AUSTRALIAN renters have been warned about an elaborate scam involving fake property listings posted on a major real estate website.
The scam, which has been reported to authorities, targets prospective tenants of a luxury rental in the up-market Melbourne suburb of Albert Park.
It is understood the scammer used a fake advertisement on real estate website domain.com.au. When a user sends an online inquiry about the property, the scammer, posing as the landlord, asks for credit card details to secure the lease.
Martin Haak, 39, sent an inquiry regarding a property listed in Albert Park via his Domain account and received an email from a man posing as a landlord. The ad did not include the property address, but was listed at $700 per week - much less than the average luxury Albert Park rental. "There was no agent on the listing and no contact information nor was there an address," Haak said. "They said inquire for the details."
Haak received an email from the scammer describing the property and with photographs of an Albert Park house currently listed on the site. "I did a search on Google and found there was a listing for that exact property and it was a completely different price," Haak says. Haak, who works in IT, suspected something was wrong.
"He eventually sent me a fake TripAdvisor email," Haak explains. The email included booking confirmation details and required credit card details. "He said that once payment had been received I would get the keys," Haak says.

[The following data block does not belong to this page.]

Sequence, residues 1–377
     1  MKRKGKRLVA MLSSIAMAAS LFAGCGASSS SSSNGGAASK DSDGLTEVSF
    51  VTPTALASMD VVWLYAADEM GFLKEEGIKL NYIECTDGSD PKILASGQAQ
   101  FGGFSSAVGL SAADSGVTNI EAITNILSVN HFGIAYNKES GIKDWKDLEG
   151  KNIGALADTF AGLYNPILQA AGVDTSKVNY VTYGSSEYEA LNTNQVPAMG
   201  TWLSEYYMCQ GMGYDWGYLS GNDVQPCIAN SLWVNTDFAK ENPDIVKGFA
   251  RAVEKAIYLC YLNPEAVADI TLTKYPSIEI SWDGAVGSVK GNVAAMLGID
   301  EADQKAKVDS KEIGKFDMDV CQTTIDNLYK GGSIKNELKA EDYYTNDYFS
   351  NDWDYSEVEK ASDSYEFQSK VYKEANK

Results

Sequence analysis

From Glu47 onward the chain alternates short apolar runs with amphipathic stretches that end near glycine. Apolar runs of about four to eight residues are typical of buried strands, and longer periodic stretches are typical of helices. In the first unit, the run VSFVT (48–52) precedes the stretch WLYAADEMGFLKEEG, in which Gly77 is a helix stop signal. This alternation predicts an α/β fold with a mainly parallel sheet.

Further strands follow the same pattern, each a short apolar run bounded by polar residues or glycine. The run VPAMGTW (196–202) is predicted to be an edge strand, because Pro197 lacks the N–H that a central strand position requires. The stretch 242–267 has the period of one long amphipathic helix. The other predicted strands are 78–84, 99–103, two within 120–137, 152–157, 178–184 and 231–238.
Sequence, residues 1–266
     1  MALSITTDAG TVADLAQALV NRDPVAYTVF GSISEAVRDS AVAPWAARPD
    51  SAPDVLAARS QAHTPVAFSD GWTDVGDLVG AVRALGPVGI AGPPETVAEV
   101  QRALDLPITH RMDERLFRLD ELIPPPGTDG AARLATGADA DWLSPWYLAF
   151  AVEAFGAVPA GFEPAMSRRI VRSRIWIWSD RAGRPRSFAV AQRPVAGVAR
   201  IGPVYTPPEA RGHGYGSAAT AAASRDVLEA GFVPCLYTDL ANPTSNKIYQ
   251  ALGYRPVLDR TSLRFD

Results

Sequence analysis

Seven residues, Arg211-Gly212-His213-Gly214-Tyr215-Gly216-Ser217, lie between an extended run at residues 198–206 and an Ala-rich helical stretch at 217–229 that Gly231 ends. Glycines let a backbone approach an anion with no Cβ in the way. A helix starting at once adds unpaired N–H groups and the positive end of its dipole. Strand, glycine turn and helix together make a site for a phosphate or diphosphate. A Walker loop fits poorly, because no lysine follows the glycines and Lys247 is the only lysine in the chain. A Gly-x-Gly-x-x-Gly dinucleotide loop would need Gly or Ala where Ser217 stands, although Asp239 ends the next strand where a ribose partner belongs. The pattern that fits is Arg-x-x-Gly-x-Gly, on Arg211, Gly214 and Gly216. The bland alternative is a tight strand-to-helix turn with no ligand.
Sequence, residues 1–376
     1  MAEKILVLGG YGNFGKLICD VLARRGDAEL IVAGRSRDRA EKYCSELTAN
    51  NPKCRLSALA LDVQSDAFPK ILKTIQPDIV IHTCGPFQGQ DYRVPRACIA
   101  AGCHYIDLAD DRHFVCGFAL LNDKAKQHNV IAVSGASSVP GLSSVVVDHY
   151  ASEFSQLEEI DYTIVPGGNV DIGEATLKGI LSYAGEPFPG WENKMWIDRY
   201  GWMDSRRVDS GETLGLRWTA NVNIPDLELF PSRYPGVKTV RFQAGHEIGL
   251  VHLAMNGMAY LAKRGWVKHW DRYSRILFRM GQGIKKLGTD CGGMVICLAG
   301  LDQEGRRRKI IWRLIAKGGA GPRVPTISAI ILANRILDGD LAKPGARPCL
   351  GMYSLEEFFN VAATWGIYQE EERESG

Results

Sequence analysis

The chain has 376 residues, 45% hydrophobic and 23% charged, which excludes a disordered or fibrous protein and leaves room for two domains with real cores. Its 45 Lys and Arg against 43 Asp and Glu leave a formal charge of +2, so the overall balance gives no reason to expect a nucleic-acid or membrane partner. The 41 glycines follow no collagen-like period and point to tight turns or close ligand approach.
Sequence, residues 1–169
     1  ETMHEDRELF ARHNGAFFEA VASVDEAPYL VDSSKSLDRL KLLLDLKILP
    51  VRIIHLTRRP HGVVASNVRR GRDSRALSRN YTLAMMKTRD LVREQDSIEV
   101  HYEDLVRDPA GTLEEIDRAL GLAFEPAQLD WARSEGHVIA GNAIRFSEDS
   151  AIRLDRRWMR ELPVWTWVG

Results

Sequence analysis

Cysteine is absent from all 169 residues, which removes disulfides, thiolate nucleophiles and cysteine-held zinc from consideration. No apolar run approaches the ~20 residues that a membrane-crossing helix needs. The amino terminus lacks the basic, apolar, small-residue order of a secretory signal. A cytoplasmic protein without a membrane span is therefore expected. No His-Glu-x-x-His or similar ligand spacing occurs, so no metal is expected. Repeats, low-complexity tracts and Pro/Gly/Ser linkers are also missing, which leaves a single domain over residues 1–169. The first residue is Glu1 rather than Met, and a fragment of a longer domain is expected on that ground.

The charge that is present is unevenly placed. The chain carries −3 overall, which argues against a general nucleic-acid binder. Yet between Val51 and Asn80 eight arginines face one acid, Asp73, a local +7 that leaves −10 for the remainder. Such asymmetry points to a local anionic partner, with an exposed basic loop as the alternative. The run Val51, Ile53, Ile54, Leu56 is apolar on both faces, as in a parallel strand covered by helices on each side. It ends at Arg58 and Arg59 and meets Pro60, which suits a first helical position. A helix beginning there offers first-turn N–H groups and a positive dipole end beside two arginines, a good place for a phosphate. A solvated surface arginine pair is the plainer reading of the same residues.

"The email almost had me. Even though it has TripAdvisor in the address, it's not the TripAdvisor domain. I hope no one's lost $2000."
Domain said it was an isolated incident caused by a breach of a real estate agent's security. But in an email sent to Domain account holders on Saturday, the company said it had removed a number of fraudulent listings in Victoria, Queensland, New South Wales and Darwin.
Agent Jo Worrell of Greg Hocking Albert Park was alerted after it became clear that the property details the scammer was using belonged to one of her clients. "I've never experienced it but I've heard of this happening. People should always go through a reputable agent and never deal with someone who's contacted them directly via email," Worrell says.
Domain spokesman Brad Hatch said the website was "safe and secure".
"The issue you refer to is a single isolated incident relating to a breach of an agent's online security, not ours.
"We have processes in place to ensure the integrity of listings on our site.
"We encourage agents to be vigilant about their online security, including offering two-factor authentication as an additional security measure."
Real estate scams can be reported on the Consumer Affairs Victoria website or the CAV Helpline 1300 55 81 81.